Zalando is the latest fashion company to invest in circular apparel and textile technology group Infinited Fiber Company.
The German e-tail giant announced Tuesday it has invested an undisclosed sum in the Finish company, whose proprietary technology turns cellulose-based raw materials like cotton-rich textile waste into a regenerated textile called Infinna, which is biodegradable, recyclable and contains no microplastics.
It comes as the market for alternative, non-plastic-based materials continues to heat up amid growing consumer and investor demand for more sustainable fashion.
The investment by Zalando completes a 30 million euro funding round led by H&M Group, with participation from other fashion giants like Adidas and Bestseller’s investment arm Invest FWD A/S.
Zalando to use Infinna for private label
Espoo-based Infinited Fiber Company said it will use the funding to prepare for building its flagship factory in Finland in response to “the strong growth in demand” for its Infinna fiber from global fashion and textile brands.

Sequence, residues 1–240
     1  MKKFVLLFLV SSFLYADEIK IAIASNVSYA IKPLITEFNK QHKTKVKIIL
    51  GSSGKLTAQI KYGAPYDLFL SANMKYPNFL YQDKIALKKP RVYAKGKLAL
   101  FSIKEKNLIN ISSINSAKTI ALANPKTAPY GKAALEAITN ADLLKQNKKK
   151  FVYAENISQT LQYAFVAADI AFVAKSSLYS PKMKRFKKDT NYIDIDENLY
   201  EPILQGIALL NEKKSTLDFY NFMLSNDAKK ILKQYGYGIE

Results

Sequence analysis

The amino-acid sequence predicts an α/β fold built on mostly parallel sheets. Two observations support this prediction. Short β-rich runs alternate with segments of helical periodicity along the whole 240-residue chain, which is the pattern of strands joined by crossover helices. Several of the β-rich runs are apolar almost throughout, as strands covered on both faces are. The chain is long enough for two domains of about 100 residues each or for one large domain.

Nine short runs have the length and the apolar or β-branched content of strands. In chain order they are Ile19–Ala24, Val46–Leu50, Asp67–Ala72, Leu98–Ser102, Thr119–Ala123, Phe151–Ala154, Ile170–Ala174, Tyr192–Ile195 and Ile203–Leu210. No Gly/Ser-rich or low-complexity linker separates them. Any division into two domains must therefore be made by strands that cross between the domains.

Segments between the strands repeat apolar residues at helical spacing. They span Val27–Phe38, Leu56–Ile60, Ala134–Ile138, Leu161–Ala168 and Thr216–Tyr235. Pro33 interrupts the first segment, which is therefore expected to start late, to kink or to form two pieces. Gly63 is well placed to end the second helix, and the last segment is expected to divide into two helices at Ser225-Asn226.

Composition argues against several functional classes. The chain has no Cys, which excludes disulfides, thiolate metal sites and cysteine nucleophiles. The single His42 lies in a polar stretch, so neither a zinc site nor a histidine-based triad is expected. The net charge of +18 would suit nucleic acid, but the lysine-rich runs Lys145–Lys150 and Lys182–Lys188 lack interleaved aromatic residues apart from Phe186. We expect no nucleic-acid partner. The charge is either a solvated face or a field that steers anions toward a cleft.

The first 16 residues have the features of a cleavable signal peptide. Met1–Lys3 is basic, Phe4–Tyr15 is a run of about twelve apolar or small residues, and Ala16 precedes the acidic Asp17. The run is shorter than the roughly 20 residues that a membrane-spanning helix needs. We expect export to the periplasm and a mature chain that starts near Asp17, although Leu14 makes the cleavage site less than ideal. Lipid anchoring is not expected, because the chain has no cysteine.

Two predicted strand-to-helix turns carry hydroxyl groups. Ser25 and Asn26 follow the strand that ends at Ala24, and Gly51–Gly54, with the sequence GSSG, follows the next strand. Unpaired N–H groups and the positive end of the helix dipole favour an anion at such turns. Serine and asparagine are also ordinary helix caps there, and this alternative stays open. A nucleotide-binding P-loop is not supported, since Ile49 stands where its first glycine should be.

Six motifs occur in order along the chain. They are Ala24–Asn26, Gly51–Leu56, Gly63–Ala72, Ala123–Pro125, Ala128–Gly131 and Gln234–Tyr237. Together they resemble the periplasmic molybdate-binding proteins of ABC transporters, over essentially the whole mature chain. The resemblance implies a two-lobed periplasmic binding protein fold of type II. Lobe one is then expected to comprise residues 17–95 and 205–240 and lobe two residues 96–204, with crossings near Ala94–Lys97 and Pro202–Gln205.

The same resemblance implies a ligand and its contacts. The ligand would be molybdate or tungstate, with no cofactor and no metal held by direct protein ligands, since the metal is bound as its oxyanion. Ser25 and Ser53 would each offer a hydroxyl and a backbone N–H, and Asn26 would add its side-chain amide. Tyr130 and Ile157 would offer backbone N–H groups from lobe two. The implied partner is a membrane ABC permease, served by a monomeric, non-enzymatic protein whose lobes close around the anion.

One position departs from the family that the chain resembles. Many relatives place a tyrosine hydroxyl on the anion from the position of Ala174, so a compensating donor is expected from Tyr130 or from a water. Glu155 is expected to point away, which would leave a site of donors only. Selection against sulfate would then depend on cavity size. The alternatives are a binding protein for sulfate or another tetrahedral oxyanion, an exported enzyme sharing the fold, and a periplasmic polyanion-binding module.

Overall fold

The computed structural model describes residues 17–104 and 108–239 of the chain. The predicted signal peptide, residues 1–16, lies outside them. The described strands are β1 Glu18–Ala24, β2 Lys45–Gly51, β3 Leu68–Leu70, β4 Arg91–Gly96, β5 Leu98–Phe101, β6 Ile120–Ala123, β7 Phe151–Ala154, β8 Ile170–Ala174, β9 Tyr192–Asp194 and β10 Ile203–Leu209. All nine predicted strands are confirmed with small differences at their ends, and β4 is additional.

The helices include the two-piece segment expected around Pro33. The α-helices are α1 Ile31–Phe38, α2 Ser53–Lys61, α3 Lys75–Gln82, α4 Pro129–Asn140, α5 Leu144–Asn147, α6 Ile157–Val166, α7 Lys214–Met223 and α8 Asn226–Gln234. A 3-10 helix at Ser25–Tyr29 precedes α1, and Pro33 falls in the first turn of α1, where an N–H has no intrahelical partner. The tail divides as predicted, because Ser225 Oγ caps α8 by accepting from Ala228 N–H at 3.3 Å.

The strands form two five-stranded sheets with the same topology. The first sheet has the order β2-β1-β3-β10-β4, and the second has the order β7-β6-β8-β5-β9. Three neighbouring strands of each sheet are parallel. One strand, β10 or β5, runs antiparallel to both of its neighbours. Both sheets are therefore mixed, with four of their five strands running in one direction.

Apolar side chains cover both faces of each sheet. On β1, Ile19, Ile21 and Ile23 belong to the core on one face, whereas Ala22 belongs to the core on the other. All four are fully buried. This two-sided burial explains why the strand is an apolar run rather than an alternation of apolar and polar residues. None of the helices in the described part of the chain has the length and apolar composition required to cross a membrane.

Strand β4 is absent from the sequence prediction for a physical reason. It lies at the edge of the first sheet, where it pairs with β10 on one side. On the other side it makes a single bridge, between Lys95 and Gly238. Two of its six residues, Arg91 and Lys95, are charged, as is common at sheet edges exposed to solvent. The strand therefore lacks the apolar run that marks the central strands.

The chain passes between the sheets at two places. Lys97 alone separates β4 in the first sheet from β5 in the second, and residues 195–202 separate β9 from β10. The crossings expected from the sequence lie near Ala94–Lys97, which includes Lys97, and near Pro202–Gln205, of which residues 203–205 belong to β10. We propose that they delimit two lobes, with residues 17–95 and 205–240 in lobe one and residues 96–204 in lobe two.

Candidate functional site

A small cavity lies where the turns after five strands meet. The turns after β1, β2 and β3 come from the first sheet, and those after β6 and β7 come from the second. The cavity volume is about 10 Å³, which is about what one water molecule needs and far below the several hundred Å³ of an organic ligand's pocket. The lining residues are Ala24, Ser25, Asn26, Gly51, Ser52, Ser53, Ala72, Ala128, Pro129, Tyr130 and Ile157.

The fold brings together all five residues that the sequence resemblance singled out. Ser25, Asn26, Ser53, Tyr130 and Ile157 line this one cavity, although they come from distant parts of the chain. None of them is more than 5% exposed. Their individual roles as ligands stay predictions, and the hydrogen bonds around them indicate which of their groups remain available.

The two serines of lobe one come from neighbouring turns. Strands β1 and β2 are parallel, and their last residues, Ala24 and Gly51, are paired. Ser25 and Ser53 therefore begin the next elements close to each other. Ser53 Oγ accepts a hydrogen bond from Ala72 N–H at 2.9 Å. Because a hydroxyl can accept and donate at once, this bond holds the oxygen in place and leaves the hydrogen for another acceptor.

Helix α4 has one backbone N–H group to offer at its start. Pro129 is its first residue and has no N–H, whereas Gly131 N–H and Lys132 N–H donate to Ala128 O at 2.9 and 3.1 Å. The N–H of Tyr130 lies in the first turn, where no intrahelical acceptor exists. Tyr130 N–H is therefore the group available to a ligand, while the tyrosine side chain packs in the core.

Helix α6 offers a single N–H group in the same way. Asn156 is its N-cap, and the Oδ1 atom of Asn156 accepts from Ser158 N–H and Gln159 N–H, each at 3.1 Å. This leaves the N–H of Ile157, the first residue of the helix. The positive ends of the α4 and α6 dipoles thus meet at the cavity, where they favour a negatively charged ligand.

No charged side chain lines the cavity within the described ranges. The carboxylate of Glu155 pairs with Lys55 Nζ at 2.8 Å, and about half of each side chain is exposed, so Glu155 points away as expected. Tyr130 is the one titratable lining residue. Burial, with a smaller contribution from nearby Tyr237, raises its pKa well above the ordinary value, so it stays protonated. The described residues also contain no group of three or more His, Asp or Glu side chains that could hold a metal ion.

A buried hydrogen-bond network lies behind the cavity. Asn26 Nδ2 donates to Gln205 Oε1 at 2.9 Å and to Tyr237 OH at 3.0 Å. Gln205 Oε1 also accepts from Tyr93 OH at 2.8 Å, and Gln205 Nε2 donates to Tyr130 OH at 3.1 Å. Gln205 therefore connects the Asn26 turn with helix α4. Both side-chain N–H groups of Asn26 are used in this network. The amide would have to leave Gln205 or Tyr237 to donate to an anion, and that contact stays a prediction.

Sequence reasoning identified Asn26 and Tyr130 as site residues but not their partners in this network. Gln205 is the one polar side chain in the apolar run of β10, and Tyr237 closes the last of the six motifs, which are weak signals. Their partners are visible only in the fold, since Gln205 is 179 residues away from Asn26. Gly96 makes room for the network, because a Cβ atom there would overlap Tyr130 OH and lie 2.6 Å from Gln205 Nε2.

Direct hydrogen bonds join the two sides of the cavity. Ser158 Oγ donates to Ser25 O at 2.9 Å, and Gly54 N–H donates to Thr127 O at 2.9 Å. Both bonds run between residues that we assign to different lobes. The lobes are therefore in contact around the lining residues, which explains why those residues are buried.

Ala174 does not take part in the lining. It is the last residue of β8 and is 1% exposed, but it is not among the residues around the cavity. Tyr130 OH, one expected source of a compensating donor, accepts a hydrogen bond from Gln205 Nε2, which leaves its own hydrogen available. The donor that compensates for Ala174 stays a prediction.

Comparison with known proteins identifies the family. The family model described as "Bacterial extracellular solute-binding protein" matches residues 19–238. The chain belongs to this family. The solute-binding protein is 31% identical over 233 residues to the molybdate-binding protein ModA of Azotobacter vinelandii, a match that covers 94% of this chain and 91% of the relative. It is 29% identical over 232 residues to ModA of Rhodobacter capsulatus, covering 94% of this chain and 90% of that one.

As part of the investment, Zalando will provide raw materials to Infinited Fiber Company in the future, and will use Infinna fiber for its private-label production.
Infinited Fiber Company co-founder and CEO Petri Alava said he was “delighted” to welcome Zalando as its latest strategic investor, and said the funding was a “further indication of the fashion industry’s strong belief in our innovation”.
He said Zalando’s “vast brand portfolio and circularity initiatives provide a great basis to deepen our collaboration and to secure feedstock for our flagship plant”.
This is the latest circular push by Zalando, which in 2019 pledged to extend the life of 50 million fashion pieces by 2023 as part of its broader ‘do.More’ sustainability strategy.
“We want to be part of the solution for a more sustainable fashion industry,” said Zalando co-CEO David Schneider. “With the investment in Infinited Fiber Company, we initiate a collaboration with a circular technology innovator to grow the industry share of textiles recycled into new textiles, which currently sits at only one percent.”